I was recently on a Southwest Airlines flight and saw a remarkable incident. In the row in front of me, seated in the aisle seat, was a man who apparently wasn’t having a great day. He complained that Southwest didn’t have blankets or pillows. He complained that the flight had been delayed. He was not happy that his suitcase (the size of a steamer trunk) didn’t fit in the overhead bin and had to be checked. I’m not sure what else – but he had a list of things he was not happy about.
As the flight attendant came through the cabin closing the overhead bins he took aim and fired. This attendant couldn’t have handled the situation any better. She smiled and never stopped smiling. She answered the questions as positively and firmly as possible, never losing her pleasant smile. She didn’t have an answer but she promised to find out. She apologized reassured him the short delay would be made up in flight. We would reach our destination on time.
She had been attacked and she handled it with grace and charm. Then she continued to assist others without losing that smile or positive attitude. A few minutes later she returned to check on the obstinate fellow. She gave him the answers as promised apologized for any inconveniences.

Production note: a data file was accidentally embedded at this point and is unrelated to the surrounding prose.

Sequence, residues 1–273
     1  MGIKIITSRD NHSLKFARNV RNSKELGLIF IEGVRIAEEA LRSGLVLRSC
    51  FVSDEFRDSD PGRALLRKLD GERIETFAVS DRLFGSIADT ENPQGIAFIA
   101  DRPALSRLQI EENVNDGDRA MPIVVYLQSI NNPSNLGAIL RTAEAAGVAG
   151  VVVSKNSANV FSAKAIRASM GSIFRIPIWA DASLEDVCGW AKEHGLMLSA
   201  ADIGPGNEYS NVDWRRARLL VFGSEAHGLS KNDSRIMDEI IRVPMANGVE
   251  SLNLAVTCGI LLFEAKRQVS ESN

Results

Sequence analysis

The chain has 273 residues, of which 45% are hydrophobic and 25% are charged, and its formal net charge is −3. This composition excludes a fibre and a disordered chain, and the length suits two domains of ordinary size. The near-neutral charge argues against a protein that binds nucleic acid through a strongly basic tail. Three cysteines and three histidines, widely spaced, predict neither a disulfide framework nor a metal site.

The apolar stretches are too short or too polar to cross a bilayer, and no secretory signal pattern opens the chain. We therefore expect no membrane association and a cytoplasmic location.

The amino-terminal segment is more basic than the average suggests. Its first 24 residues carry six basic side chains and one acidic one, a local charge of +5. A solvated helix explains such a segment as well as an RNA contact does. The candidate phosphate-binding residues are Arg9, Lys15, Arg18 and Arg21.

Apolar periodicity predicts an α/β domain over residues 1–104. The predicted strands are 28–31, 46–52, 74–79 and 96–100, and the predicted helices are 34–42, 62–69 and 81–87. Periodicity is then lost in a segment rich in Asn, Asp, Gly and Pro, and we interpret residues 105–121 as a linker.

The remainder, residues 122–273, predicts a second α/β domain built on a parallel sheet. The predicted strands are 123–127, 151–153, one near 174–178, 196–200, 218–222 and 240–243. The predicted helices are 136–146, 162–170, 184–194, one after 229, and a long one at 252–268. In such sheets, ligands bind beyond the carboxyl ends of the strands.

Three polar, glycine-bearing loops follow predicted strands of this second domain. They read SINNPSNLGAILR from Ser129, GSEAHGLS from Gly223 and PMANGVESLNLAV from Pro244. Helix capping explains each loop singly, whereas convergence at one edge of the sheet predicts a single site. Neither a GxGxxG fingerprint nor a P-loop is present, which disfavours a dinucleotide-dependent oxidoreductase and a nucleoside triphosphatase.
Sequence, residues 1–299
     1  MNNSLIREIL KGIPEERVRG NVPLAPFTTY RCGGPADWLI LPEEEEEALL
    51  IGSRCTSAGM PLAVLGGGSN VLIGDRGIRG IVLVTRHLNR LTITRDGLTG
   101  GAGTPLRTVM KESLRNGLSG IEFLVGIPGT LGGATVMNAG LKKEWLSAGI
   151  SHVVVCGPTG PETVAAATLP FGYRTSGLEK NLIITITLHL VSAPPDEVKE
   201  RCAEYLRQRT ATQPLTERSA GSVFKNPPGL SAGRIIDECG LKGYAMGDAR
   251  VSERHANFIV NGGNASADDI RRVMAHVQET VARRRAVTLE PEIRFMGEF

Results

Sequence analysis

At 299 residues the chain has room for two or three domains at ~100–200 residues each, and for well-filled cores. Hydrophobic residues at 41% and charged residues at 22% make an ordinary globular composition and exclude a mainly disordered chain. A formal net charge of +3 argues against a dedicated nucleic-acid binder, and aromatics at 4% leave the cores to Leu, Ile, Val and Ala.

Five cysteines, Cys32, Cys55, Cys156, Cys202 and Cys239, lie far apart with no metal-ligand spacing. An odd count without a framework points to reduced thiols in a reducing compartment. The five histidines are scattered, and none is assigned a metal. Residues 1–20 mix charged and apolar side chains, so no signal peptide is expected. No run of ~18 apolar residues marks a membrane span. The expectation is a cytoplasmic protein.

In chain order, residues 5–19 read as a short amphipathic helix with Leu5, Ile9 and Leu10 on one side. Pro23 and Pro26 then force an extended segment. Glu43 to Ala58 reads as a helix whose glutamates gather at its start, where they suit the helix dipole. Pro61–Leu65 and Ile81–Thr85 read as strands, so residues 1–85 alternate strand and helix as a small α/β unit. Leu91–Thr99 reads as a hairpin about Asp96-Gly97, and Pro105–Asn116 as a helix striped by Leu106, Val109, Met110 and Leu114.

She displayed an important aspect of leadership. You must first be able to lead yourself before you can lead others. She’d mastered herself. In the face of conflict and confrontation she remained unflappable. Her grace, charm and lovely smile showed her self-assurance and professionalism. With self-control and self-mastery, she not only handled a delicate situation, but gave everyone who witnessed the encounter a great lesson in leadership.
Points to Ponder –
Think about the last conflict you were in, what could you have done differently to handle the situation better?
Remember when someone wasn’t handling a situation as well as it could have been handled. What would you have done differently? How could you have changed the outcome?